As Patron of London’s Air Ambulance, The Prince of Wales has written the foreword for the organisation’s new booklet on bereavement.
The first booklet of its kind brings 12 families together, with their treasured memories loved ones, whom they lost suddenly and unexpectedly. It is intended to be offered to anyone suffers a loss of this kind.
In the foreword, Prince William wrote:
‘No two experiences of bereavement are ever the same. The sudden and often unexpected loss of a loved one can be profoundly difficult to process, even with the passing of time.
‘However, some solace can be found through the sharing of experience. The families who have contributed to this booklet have shared the most precious of memories, thoughts, and feelings. I would like to thank them for opening up and allowing us into their very personal journey.
‘I hope that this booklet will provide some comfort and support, and that you might find it useful. For those reading this who are bereaved, and whose world is now very different, my thoughts are with you.’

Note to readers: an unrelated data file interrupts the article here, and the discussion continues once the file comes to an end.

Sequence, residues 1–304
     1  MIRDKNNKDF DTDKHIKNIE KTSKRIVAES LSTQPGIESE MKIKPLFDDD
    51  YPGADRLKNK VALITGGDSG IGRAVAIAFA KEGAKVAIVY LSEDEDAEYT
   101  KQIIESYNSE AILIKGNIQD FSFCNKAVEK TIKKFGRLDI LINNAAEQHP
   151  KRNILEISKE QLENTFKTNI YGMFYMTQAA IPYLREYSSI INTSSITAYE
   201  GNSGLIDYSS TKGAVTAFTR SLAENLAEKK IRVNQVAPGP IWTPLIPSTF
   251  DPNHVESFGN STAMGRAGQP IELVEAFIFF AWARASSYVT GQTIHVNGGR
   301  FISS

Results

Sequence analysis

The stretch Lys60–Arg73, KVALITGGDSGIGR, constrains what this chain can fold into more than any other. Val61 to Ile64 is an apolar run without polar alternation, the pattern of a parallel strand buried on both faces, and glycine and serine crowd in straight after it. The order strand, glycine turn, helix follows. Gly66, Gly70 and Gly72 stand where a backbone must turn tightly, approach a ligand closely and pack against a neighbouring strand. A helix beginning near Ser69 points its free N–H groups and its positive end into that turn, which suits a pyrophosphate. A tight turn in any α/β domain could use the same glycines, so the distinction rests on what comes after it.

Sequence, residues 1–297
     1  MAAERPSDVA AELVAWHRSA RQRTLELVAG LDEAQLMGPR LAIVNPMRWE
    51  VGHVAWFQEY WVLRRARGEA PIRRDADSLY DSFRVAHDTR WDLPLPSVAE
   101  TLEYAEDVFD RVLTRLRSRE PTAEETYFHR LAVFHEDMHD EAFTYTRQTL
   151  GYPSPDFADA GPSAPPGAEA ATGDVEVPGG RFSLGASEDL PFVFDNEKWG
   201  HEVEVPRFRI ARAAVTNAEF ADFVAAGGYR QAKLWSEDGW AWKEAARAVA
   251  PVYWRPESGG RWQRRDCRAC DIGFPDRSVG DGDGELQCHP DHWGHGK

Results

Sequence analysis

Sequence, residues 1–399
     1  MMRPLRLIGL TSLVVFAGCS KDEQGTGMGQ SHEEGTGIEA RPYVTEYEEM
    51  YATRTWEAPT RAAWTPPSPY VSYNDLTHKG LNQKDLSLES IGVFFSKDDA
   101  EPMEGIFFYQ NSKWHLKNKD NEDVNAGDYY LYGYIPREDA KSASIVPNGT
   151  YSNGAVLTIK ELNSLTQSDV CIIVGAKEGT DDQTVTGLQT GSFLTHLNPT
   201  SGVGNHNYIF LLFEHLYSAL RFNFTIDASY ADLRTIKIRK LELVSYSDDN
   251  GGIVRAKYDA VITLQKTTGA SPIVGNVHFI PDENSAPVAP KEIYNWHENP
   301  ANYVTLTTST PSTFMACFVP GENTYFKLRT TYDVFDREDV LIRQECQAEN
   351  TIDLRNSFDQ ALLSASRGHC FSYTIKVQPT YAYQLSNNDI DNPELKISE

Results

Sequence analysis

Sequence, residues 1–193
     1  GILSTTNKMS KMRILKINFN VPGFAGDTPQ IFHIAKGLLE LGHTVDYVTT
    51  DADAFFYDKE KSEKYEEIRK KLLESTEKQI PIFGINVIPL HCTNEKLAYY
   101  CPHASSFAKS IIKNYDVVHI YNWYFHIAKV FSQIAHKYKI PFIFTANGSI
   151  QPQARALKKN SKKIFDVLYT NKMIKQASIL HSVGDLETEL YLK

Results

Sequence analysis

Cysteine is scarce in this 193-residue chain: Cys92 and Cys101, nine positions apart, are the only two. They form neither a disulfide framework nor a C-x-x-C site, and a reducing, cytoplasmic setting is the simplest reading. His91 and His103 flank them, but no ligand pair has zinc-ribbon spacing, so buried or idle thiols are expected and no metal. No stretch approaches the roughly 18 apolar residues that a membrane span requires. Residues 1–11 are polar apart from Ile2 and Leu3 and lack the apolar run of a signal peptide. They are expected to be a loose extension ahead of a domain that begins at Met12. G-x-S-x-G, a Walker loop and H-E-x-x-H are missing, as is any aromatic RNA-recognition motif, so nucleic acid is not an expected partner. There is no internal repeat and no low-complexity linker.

The Prince became Patron of London’s Air Ambulance in March 2020, after supporting the charity’s 30th anniversary in 2019. To mark the anniversary, he flew with the crew to launch the ’30 Years Saving Lives’ campaign and met staff and patients from the service at a number of fundraising events.
Prince William was a pilot for East Anglian Air Ambulance between March 2015 and July 2017. Following his time with the EAAA, he has made a key part of his royal work to support the mental health of frontline workers.
Speaking on Apple’s Time to Walk podcast in 2021, The Prince of Wales noted how speaking about traumatic moments during the job ‘definitely helped, sharing them with the team, and ultimately, in one case, meeting the family and the patient involved who made a recovery, albeit not a full recovery, but made a recovery’.
‘But I think, as a human being, when you see someone in such dire circumstances, basically at death’s door, you can’t help but not be affected by that.’
During a virtual engagement in 2021 with frontline worker, the future King spoke about how seeing people die when he was an air ambulance pilot left him traumatised ‘for weeks on end’ and feeling like the world was a ‘darker, blacker place’. He also touched on the fact that it would regularly affect his ‘family life’.
He added: ‘When you see so much death and so much bereavement it does impact how you see the world. It is very interesting what you said about being able to see things in a different light.’
You can access the bereavement leaflet here.